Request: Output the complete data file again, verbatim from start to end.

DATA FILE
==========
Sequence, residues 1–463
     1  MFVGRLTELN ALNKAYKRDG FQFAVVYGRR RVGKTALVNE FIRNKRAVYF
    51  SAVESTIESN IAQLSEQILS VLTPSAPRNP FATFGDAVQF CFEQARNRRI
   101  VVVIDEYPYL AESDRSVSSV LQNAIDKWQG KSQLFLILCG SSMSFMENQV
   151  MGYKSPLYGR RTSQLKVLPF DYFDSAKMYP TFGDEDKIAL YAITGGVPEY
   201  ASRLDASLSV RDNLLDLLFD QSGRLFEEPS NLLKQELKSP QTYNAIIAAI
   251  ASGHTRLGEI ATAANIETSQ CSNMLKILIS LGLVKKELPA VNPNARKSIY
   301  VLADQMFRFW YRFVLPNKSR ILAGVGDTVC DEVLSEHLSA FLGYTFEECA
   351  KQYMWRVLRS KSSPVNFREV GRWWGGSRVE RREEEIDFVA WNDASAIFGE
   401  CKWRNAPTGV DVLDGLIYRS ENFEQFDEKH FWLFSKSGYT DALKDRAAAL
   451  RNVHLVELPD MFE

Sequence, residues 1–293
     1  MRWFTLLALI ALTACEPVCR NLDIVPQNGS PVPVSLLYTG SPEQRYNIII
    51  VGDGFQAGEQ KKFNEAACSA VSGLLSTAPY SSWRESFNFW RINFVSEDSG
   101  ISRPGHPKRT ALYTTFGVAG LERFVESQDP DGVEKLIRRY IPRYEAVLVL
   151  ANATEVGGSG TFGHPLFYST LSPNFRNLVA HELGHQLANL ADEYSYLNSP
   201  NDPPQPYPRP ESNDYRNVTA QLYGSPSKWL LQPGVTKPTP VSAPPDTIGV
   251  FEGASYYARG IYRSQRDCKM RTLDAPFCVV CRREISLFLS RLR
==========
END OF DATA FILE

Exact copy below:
Sequence, residues 1–463
     1  MFVGRLTELN ALNKAYKRDG FQFAVVYGRR RVGKTALVNE FIRNKRAVYF
    51  SAVESTIESN IAQLSEQILS VLTPSAPRNP FATFGDAVQF CFEQARNRRI
   101  VVVIDEYPYL AESDRSVSSV LQNAIDKWQG KSQLFLILCG SSMSFMENQV
   151  MGYKSPLYGR RTSQLKVLPF DYFDSAKMYP TFGDEDKIAL YAITGGVPEY
   201  ASRLDASLSV RDNLLDLLFD QSGRLFEEPS NLLKQELKSP QTYNAIIAAI
   251  ASGHTRLGEI ATAANIETSQ CSNMLKILIS LGLVKKELPA VNPNARKSIY
   301  VLADQMFRFW YRFVLPNKSR ILAGVGDTVC DEVLSEHLSA FLGYTFEECA
   351  KQYMWRVLRS KSSPVNFREV GRWWGGSRVE RREEEIDFVA WNDASAIFGE
   401  CKWRNAPTGV DVLDGLIYRS ENFEQFDEKH FWLFSKSGYT DALKDRAAAL
   451  RNVHLVELPD MFE

Sequence, residues 1–293
     1  MRWFTLLALI ALTACEPVCR NLDIVPQNGS PVPVSLLYTG SPEQRYNIII
    51  VGDGFQAGEQ KKFNEAACSA VSGLLSTAPY SSWRESFNFW RINFVSEDSG
   101  ISRPGHPKRT ALYTTFGVAG LERFVESQDP DGVEKLIRRY IPRYEAVLVL
   151  ANATEVGGSG TFGHPLFYST LSPNFRNLVA HELGHQLANL ADEYSYLNSP
   201  NDPPQPYPRP ESNDYRNVTA QLYGSPSKWL LQPGVTKPTP VSAPPDTIGV
   251  FEGASYYARG IYRSQRDCKM RTLDAPFCVV CRREISLFLS RLR